Home Destinations Bagan to Yangon by Train — Or, the best experience mixed with the worst sleeping.

Bagan to Yangon by Train — Or, the best experience mixed with the worst sleeping.

written by Traipsing Terra July 11, 2016

When planning my travels to Myanmar I wanted to use the trains as much as possible. However, it ended up being practical to use the train just once, the overnight train from Bagan to Yangon. I am so happy for this decision because although it wasn’t the smoothest ride, and it wasn’t a great night of sleep, it was one of the highlights of my travels in SE Asia. Bold statement yes, but there was something about the scenery, and seeing Myanmar from a different perspective than in the cities, that made the journey very eye-opening and unique.

Looking at the window of the train at the Bagan train station.

Looking at the window of the train as we departed from Bagan station.

As the train arrived in the station, about an hour late, we were led to our sleeping car, given our sheets for the beds, and within a few minutes we were on our way. The train seems to have two different types of cars. Most of the cars are what you would expect- bench seats mostly made of wood and open windows with no glass. In addition there were two sleeping cars, which also had no glass in the windows, and it seemed like only foreigners were in the sleeping cars.

This is what the inside of a sleeper car looks like.

This is what the inside of a sleeper car looks like. These chairs slide together to form the lower bunk.

Even inside the station there was a separate lounge for foreigners which the ticket guy led us to. It seemed designed to keep the foreigners separate from the Burmese people but I still hoped we would be joined by a Burmese couple or family. All of my train trips abroad with locals have been enjoyable because even with a language barrier, somehow I have managed to have a great time talking with the people I encounter while on the train. It’s a nice way to get to know other people, and see a different side of local life. Sadly this didn’t happen, as it ended up that my husband and I were the only ones in our sleeper car that could sleep four.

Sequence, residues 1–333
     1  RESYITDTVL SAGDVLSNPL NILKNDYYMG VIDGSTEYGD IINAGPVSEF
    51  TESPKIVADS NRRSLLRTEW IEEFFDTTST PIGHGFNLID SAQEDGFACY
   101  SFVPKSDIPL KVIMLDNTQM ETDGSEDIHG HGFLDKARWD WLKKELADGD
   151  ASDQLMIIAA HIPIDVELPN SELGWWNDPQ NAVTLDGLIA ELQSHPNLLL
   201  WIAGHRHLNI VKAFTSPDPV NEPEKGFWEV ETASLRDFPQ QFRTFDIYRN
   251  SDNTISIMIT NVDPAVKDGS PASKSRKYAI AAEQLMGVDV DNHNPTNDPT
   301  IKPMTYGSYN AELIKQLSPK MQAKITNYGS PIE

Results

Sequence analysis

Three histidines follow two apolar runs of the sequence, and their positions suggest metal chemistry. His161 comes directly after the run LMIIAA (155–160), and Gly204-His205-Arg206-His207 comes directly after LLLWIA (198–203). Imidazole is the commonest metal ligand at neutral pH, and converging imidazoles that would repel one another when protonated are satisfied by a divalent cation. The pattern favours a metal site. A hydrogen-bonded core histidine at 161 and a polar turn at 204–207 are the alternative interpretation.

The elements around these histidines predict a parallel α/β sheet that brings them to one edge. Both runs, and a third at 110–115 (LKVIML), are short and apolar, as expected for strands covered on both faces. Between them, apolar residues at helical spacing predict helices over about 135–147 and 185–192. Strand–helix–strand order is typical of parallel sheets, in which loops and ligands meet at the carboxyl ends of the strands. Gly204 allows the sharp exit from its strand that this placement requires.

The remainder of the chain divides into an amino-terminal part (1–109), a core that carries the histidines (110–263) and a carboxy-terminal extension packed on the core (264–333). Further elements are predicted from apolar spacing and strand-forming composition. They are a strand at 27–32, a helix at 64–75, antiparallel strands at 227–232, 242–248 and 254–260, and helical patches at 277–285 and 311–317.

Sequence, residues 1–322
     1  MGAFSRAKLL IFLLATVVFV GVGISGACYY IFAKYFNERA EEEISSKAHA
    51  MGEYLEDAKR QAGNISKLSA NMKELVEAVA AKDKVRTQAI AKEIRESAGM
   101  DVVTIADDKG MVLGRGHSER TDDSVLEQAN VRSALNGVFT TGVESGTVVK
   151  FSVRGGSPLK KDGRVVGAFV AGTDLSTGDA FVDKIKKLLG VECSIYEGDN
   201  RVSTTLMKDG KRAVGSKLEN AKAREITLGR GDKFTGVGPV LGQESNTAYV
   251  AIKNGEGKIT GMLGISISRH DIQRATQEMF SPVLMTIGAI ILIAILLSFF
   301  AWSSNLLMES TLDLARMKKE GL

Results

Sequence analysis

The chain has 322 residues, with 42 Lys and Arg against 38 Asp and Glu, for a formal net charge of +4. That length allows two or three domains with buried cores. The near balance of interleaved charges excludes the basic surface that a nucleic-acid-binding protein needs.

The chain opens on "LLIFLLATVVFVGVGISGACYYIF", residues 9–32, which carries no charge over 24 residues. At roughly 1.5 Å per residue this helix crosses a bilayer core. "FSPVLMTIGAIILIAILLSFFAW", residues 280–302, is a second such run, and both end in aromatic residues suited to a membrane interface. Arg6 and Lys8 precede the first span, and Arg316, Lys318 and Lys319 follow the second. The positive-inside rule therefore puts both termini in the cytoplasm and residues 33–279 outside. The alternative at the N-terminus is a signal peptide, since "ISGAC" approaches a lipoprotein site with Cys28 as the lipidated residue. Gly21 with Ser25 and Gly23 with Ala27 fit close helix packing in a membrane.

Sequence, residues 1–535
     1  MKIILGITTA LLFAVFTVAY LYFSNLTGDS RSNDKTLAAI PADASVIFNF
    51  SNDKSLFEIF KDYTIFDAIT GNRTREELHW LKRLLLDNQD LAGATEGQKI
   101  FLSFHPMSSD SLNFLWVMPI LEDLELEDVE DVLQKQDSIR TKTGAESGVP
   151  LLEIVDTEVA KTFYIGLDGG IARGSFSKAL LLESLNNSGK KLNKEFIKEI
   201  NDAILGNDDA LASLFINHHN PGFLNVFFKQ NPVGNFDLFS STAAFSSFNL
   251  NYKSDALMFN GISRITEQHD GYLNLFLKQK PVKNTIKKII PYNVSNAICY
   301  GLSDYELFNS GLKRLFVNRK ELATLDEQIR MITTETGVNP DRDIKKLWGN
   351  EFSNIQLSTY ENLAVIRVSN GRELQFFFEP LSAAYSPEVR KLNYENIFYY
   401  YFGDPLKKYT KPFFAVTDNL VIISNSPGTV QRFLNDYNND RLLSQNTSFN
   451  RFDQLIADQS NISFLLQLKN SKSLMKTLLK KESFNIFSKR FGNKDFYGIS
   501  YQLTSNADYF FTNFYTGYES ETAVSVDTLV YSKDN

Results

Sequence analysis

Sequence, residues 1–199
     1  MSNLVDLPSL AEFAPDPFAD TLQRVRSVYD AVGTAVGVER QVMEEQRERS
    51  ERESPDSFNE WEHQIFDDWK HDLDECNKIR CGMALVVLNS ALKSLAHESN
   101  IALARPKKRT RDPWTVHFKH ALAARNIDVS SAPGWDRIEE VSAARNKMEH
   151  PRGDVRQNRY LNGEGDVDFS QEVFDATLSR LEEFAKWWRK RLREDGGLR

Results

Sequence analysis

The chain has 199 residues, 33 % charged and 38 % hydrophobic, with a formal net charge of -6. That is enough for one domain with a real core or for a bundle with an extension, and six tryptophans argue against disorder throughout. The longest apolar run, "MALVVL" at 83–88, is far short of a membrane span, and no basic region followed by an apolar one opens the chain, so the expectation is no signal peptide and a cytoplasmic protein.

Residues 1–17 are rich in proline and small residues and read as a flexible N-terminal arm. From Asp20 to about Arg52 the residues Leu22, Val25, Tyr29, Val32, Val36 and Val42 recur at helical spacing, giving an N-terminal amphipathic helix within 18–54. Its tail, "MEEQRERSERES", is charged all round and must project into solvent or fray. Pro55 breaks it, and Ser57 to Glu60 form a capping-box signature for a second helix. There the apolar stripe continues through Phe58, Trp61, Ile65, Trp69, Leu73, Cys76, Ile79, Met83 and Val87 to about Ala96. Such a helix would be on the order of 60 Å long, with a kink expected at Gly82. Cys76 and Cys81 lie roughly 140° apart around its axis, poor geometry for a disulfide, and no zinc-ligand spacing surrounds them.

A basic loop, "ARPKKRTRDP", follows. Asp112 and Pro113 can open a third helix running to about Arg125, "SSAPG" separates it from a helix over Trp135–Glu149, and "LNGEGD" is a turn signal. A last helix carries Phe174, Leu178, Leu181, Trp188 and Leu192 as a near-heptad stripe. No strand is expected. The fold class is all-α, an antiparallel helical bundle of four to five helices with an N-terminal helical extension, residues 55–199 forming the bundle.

The height of the experience was looking out the window and seeing a totally different way of living, and watching the local children running to the train to wave and yell “Hello.” The ride was very bumpy and I imagined it felt like being on a stagecoach, bumping and rolling from side to side, looking out the windows with no glass or screens, and watching as the landscape drifts by, allowing for glimpses into everyday life for people in rural Myanmar. Relaxing with a cold beer as the sun was setting, I sat in quiet contemplation thinking of how life would be lived without electricity and running water, and the thrill of running to watch the train pass with some faces very different from my own. It was eye-opening for me, and by far the wildest train ride I have ever experienced, and maybe ever will.

Kids waited by the tracks to watch the train go by, some yelled out greetings.

Kids waited by the tracks to watch the train go by, some yelled out greetings.

As the light faded, I started to feel sleepy, so off to bed we went. The sleeping part was not as romantic and amazing as looking out the window. Aside from being very hot, the constant bumping and jerking of the train woke me up every time the train slowed downed, stopped, or sped up. We were a far cry from the quiet, smooth train rides of Japan. Luckily I was able to get a few hours of sleep, and I ended up giving up trying around sunrise. This was just as well however because it was beautiful watching the sunrise over the fields, with smoke billowing up from all over. I enjoyed watching people wake up, catching glimpses of people bathing (don’t worry, they all bathe with sarongs on), washing their faces, brushing their teeth, or just heading to get some water for whatever household chore it was needed for.